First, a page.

SUPPORT OUR JOURNALISM: Please consider donating to keep our website running and free for all - thank you!

FeaturesInsightPrince & Princess of Wales

Royal Baby Name Focus: Alice

Haven’t we been here before? As the arrival of baby Cambridge number three closes in, so do the odds on a new princess being called Alice. Ahead of the birth of Princess Charlotte, the A name was in the frame as top pick for a baby girl and we all know how that one ended. However, that hasn’t stopped Alice being among the bookies’ favourites should the Duke and Duchess of Cambridge welcome another daughter this time round. But while no one will be surprised if William and Kate do choose it, the name’s recent royal history came as a big shock.

The name was plucked from regal obscurity by Queen Victoria who, in 1843, blindsided just about everyone by naming her newborn third child Alice Maud Mary. Victoria is said to have picked the name because it was a favourite of her first Prime Minister, Lord Melbourne, and we all know how famously they got along. It had been in use in England since the 12th century but, until that point, never amongst royalty.

Once admitted to the regal fold, the name became a bit of a regular. Alice’s big sister, Victoria, named her third daughter Sophia Dorothea Ulrica Alice (born 1868 and later Queen of Greece). As you’d expect, like all good 19th century royals, the actual Princess Alice also took to naming her own children after herself with a calm assuredness. Her second daughter, born in 1864, was named Elizabeth Alexandra Louise Alice, and in 1872 it was given to her fourth little girl who was christened Alice Victoria Helena Louise Beatrice (both also spelled the name as Alix). Both women had tragic ends, marrying into the Russian Imperial Family and losing their lives during the Bolshevik Revolution.

Their mother, too, died very young, catching diphtheria in 1878 and when her younger brother, Prince Leopold, welcomed a daughter in 1883 she was named Alice Mary Victoria Augusta Pauline in honour of her late aunt. Princess Alice of Albany, Countess of Athlone went on to be the British Royal Family’s longest lived princess of the blood royal (passing away in 1981 at the age of 97) and she was the last of Queen Victoria’s grandchildren to die adding a much more positive note to a name that had been linked to a fair share of sadness before then.

The name was also among those given to the only daughter of the future King George V and Queen Mary who was christened Victoria Alexandra Alice Mary (born 1897). It got another new royal link in 1935 when George and Mary’s third son, Henry, Duke of Gloucester married Lady Alice Christabel Montagu-Douglas-Scott. She, too, enjoyed a very long life, passing away in 2004 at the age of 102. By then, her name had been given to her eldest granddaughter – Davina Alice Elizabeth Benedikte (born 1977), the second child of the present Duke and Duchess of Gloucester.

But perhaps the reason so many people are sure this is the pick of William and Kate for a daughter is because it was also the name of the Duke of Edinburgh’s mother. By the time her son married the future Queen Elizabeth II in 1947, she was usually known as Princess Andrew of Greece but the royal whose name is on everyone’s lips was born Victoria Alice Elizabeth Julia Marie in 1885. Her father was Prince Louis of Battenberg while her mother, Victoria of Hesse and by Rhine, was the first daughter of that first Princess Alice and she was named in honour of the grandmother she never knew.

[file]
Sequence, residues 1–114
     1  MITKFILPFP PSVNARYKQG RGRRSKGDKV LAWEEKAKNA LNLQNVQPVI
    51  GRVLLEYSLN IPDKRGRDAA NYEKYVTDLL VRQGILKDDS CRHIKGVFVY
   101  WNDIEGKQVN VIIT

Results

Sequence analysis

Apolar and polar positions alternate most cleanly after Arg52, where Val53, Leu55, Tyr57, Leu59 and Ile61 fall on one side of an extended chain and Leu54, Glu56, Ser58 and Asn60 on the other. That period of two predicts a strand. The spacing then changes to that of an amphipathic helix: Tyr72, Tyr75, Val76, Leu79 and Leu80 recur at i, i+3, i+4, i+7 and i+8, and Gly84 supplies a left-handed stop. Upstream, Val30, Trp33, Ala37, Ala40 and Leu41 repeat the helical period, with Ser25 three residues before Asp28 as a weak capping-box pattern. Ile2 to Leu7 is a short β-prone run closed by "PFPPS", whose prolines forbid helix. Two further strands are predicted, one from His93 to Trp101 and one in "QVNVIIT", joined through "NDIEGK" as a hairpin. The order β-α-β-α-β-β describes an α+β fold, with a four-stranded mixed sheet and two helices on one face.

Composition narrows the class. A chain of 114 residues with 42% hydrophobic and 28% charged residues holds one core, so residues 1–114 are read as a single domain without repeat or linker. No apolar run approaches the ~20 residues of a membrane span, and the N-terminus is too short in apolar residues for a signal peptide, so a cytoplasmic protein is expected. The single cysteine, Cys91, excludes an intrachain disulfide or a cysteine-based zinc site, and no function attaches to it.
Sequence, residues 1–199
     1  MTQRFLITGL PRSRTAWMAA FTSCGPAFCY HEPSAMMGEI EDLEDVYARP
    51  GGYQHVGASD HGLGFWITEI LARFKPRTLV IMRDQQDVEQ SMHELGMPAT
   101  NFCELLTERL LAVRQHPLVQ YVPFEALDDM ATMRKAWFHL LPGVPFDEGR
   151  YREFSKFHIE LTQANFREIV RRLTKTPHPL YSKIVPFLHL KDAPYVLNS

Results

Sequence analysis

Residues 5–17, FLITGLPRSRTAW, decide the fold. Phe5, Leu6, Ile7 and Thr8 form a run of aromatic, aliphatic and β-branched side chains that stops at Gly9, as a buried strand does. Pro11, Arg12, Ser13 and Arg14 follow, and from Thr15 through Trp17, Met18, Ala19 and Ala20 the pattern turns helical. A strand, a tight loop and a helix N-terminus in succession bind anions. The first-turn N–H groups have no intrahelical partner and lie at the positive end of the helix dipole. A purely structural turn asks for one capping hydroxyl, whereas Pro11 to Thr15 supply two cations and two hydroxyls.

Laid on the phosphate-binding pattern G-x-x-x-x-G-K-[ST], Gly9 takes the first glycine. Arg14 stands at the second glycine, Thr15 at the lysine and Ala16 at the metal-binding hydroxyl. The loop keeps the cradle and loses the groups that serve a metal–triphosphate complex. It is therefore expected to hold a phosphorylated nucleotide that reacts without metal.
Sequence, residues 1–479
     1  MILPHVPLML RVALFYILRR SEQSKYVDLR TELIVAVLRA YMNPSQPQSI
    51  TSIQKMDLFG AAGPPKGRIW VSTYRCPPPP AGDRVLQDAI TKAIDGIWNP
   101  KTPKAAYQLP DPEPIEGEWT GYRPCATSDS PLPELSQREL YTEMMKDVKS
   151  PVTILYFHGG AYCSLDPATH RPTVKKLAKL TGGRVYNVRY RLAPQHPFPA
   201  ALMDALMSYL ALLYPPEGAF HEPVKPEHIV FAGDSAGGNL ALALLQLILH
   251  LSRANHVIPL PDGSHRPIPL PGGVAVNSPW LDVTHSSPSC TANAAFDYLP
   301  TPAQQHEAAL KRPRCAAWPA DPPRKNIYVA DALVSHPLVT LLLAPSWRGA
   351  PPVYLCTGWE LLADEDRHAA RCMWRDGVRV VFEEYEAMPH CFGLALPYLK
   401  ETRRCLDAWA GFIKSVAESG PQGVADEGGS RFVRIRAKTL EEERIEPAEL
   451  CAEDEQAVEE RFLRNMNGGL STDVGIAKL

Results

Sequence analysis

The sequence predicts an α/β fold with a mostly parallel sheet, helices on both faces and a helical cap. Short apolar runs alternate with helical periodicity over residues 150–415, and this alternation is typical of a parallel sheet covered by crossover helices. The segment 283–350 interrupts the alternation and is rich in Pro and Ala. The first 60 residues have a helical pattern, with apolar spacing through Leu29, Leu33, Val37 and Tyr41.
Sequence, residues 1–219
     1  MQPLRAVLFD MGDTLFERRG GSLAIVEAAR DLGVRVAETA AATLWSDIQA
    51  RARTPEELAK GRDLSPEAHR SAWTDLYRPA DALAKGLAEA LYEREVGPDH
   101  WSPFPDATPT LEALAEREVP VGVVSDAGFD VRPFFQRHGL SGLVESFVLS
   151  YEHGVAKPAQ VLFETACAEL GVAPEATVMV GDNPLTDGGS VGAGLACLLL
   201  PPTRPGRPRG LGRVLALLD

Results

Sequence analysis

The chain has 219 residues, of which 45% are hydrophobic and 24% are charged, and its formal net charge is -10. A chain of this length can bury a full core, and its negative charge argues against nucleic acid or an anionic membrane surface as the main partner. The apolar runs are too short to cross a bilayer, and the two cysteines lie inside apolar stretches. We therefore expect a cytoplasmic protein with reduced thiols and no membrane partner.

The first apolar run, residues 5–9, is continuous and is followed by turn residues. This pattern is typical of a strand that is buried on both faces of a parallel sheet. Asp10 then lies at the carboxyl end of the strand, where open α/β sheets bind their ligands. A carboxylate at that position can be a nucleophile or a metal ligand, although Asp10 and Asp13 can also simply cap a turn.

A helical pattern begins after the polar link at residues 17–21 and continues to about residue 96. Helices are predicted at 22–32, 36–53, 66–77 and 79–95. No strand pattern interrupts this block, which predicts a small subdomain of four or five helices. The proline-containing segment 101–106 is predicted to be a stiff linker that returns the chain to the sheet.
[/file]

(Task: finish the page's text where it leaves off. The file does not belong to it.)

Her marriage to Prince Andrew of Greece, in 1903, produced four daughters and that prince called Philip. He, like three of his sisters, passed the name on to a daughter. The Princess Royal was christened Anne Elizabeth Alice Louise soon after her birth in 1950. One of Philip’s granddaughters also has the name – the Earl and Countess of Wessex called their first child Louise Alice Elizabeth Mary (born 2003).

While it might not be the most popular royal name, Alice has certainly held its own in the regal christening stakes and if the bookies are right, it will soon get another royal chapter in its history. One final thing to think about. That first royal Alice was an April baby, arriving on the 25th of the month. Given that Kate’s due date is rumoured to be April 23rd, there’s a good chance her new baby might share the date of birth of Victoria’s little girl. Let the speculation swirl…..

Photo credit: Kensington Palace Twitter

About author

Lydia Starbuck is Jubilee and Associate Editor at Royal Central and the main producer and presenter of the Royal Central Podcast and Royal Central Extra. Lydia is also a pen name of June Woolerton who is a journalist and writer with over twenty years experience in TV, radio, print and online. Her latest book, A History of British Royal Jubilees, is out now. Her new book, The Mysterious Death of Katherine Parr, will be published in March 2024. June is an award winning reporter, producer and editor. She's appeared on outlets including BBC 5 Live, BBC Radio Ulster and BBC Local Radio and has also helped set up a commercial radio station. June is also an accomplished writer with a wide range of material published online and in print. She is the author of two novels, published as e-books. She is also a marriage registrar and ceremony celebrant.